• 400 g frozen / fresh cauliflower
  • 2 onions
  • 2 cloves of garlic
  • 2 boiled potatoes
  • stalks from fresh parsley, dill and coriander
  • chopped dried celery and parsley roots (traditionally used in soups in Russia)
  • soy sauce
  • olive and sunflower oil
  • pepper, salt, turmeric, paprika, dried basil and other herbs and spices
  • 4 l water
  • fresh herbs and smetana (sour cream), optional

Procedure:

With my mother we usually first make the (vegetarian) broth by heating plain water in the pot together with stalks leftover from the fresh parsley, dill and coriander we use for salads (we keep those in the fridge for the ‘soup day’). We discard them once they loose colour. Then we also add chopped dried celery and parsley roots (traditionally used in soups in Russia) and we do not discard these. My mother also adds whole black pepper but I don’t – since I was a child I just hate the moment when you get it in between your teeth, brrrr.

Meanwhile, heat a large cast-iron pan on medium to low heat and add your roughly chopped carrots. I usually first ‘roast’ the carrots without oil and then when they start getting a bit too brown, I add a mixture of olive and sunflower oil. Add chopped onions (again, the chinks can be pretty big and rough, you will puree them anyway), herbs and spices and keep cooking the veggies stirring from time to time. At some point I also add soy sauce and then I throw in the garlic, chopped.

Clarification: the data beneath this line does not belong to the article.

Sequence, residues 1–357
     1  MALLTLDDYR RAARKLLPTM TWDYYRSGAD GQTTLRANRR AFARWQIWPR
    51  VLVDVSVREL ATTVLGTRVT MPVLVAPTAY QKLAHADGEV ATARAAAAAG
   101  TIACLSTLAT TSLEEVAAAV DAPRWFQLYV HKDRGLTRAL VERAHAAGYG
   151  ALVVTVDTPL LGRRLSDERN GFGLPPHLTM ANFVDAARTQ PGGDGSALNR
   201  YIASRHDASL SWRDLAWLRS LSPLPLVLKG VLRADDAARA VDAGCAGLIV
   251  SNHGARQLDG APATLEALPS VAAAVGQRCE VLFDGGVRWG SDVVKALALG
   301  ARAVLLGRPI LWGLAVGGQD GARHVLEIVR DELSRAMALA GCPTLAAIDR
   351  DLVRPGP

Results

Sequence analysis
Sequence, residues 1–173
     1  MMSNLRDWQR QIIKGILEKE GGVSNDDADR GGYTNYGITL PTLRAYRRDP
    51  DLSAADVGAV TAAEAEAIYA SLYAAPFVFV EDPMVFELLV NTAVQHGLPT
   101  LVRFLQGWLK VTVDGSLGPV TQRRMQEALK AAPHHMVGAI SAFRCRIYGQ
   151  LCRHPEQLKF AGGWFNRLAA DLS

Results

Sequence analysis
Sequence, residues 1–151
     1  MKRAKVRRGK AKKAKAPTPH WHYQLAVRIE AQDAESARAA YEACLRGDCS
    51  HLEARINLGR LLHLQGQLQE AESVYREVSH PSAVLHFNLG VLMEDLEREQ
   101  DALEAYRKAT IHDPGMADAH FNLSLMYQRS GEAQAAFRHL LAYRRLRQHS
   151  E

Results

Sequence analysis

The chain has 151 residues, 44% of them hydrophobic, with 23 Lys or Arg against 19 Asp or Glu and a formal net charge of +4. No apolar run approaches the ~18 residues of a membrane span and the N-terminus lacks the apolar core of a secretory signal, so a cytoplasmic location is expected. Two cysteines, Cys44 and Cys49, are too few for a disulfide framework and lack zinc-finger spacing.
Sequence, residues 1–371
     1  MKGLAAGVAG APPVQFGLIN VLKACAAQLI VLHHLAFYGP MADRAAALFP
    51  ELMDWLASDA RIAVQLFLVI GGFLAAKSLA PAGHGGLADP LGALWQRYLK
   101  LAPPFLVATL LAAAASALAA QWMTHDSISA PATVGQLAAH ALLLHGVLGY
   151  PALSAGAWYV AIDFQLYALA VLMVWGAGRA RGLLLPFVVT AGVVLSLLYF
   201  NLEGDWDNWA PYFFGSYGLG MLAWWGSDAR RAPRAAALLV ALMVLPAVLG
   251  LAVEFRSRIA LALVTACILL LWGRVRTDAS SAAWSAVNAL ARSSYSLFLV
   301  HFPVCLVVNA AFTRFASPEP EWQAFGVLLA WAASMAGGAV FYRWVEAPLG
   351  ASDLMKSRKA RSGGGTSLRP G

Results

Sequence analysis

When your broth is ready, discard the stalks and add the cooked veggies. Don’t forget to pour some water from the pot into the pan, stir a bit and pour the water back into the pot so that you get all the juices and flavours from the veggies. Add you frozen / fresh cauliflower into the pot (you can leave large florets whole), adjust salt and pepper, lower the heat and keep cooking until the carrots and the cauliflower are verging on becoming soft. Puree two boiled potatoes in your blender and add them to the pot – stir well cause the starch can create lumps. Then fish out carrots, onion chunks and cauliflower and puree those too, adding them back to the pot and stirring well. You can leave your pot at low heat while doing this. At this point you can adjust the amount of water and the salt / spices. No need to keep cooking the soup, it should be ready.

Carrot Soup Puree

Remarks: I guess you can use any ‘secret ingredient’ such as pumpkin, zucchini or other member of the cabbage family. And of course you don’t have to have pre-boiled potatoes, you can cook them with the rest of the ingredients. As I was quite generous with the black and red pepper, my soup was pretty hot. Adjust the amount of spices and herbs to your taste buds. Also, add as much water as you wish (to create a thicker / thinner soup) and feel free to leave some veggie chunks too.